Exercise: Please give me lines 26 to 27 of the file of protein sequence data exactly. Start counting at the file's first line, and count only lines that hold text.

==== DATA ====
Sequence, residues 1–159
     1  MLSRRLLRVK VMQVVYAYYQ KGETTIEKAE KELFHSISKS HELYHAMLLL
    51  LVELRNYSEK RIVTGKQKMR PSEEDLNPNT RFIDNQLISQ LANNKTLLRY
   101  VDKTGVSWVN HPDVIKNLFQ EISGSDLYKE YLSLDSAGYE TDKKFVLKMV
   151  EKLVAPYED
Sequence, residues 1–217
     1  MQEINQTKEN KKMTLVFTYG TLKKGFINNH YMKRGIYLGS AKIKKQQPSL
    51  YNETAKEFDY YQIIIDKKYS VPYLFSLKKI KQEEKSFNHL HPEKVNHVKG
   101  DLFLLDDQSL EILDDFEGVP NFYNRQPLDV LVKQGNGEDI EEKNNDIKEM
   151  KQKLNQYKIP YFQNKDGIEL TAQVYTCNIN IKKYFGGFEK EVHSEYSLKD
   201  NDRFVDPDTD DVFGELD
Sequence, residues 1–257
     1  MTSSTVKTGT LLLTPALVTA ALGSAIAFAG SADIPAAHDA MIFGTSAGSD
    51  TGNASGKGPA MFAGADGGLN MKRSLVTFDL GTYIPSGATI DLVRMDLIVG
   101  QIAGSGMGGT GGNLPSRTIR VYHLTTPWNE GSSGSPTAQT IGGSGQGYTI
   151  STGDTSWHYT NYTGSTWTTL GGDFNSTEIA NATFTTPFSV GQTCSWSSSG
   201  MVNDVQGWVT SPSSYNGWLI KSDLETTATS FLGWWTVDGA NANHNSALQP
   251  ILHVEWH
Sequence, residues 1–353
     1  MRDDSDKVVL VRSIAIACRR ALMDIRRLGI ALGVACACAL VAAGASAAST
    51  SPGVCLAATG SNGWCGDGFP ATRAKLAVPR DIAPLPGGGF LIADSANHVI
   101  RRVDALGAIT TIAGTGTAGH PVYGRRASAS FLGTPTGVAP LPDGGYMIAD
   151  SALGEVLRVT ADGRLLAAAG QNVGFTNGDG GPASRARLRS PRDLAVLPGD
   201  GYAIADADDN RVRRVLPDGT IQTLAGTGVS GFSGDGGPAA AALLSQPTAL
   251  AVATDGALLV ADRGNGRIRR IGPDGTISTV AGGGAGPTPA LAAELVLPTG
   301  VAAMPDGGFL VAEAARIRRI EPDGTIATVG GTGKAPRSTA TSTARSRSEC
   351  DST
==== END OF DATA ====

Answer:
   301  VAAMPDGGFL VAEAARIRRI EPDGTIATVG GTGKAPRSTA TSTARSRSEC
   351  DST